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Katharine Donnelly Adams

kda11 at

Katharine Donnelly Adams is a researcher in the Bilingualism and Language Development Lab at Penn State University.  She received her M.A.T and Ph.D. from the Eliot-Pearson Department of Human Development and Child Study at Tufts University.  She was a Research Teacher at Benchmark School, where she helped to develop the Word Detectives program, and at the Center for Reading and Language Research at Tufts, where she was a co-author and lead teacher for RAVE-O.  Her doctoral research focused on how to best deliver research-based interventions to students and teachers through summer programming and training.  These experiences highlighted the importance of second language learning and bilingualism for many students in reading development.  To address these questions, her post-doctoral studies use neurocognitive and behavioral methods to investigate how children and adults learn second languages in the classroom.  A primary goal of this research is to share results with teachers, schools, and families to better inform educational practices.

Rafał Jończyk

rzj54 at

Rafał Jończyk is a postdoctoral fellow in the Center for Language Science (CLS) at Penn State University and an associate professor at the Faculty of English of Adam Mickiewicz University in Poznań, Poland, where he received his PhD. His main research interests include investigating behavioural and neurophysiological underpinnings of emotion processing in monolingual and bilingual speakers from a pragmatic perspective. For his PhD, he investigated how contextual information modulates electrophysiological responses to emotional language in the first (L1) and second language (L2), providing novel neurocognitive evidence for suppression of negative information in L2. In his recent work, he focused on how bilingual speakers anticipate negative events when they operate in L1 and L2 context. His research findings carry implications for bilingual therapy and education. At CLS, he is investigating neural correlates of divergent thinking in the engineering design context. The core aim of this research is to understand the mechanism underlying divergent thinking and apply that knowledge to foster divergent thinking in engineering students.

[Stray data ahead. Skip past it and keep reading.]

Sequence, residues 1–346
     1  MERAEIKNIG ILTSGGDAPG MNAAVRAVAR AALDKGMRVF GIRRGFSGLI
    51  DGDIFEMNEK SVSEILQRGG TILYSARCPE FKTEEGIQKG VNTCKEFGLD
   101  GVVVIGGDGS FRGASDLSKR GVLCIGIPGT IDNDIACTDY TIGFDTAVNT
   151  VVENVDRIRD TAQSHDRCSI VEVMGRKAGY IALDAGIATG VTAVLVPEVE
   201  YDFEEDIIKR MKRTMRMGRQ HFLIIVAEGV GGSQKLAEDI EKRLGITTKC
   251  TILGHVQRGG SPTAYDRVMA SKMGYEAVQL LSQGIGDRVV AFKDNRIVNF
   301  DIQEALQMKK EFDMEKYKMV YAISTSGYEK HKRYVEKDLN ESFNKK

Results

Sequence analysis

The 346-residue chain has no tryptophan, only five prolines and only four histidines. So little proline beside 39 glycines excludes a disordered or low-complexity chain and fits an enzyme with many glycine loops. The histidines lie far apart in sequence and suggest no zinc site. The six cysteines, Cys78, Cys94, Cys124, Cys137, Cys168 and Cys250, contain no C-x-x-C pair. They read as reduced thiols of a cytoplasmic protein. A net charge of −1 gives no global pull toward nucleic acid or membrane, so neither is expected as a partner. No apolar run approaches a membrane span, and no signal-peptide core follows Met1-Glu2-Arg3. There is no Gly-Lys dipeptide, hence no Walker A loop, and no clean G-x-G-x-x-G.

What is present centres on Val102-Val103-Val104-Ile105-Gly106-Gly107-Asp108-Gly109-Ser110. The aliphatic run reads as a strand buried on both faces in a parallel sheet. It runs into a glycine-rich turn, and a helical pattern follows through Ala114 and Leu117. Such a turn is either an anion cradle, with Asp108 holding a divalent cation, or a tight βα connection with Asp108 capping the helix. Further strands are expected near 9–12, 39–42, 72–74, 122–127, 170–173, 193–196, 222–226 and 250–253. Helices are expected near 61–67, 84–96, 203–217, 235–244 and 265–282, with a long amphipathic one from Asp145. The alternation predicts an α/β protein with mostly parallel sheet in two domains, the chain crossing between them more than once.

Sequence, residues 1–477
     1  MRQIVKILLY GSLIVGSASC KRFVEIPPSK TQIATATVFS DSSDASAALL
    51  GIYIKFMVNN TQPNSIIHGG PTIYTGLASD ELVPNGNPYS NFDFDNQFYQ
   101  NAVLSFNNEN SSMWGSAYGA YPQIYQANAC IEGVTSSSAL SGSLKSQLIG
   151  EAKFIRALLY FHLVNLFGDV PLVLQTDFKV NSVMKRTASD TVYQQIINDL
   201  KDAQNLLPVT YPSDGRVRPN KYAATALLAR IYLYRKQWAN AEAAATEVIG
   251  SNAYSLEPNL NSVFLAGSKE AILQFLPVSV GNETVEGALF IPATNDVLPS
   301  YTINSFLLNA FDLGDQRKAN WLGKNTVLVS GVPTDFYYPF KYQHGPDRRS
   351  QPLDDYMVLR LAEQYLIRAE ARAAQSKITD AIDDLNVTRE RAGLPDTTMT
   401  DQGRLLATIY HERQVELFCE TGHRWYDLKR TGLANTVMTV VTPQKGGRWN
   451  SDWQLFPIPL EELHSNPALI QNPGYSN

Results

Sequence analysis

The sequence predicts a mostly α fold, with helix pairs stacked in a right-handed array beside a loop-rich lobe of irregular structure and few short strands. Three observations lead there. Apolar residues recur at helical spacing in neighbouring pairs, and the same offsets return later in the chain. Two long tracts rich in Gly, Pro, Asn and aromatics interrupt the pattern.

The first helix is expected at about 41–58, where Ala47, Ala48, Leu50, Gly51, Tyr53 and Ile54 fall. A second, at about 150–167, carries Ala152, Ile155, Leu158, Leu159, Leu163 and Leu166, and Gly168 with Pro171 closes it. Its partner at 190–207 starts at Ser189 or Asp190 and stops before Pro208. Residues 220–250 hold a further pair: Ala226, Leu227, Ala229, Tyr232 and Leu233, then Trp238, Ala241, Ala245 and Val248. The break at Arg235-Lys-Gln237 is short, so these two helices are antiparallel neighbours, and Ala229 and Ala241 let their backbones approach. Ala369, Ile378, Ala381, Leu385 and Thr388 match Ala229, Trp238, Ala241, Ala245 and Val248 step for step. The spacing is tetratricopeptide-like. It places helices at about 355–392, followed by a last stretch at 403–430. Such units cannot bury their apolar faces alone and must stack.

Eric Pelzl

ezp218 at

Eric uses behavioral and neurophysiological (ERP) methods to understand how people learn the phonology (sounds) and lexicon (words) of a new language, and also how accented speech impacts listeners. As a former Chinese teacher, his research is often conducted in the context of Mandarin, and focuses on one of the common challenges learners of Mandarin discuss among themselves: lexical tones. Learn more at his website

Research interests: Chinese, second language acquisition, psycholinguistics, ERPs, lexical learning, phonology, lexical learning, accent, second language teaching

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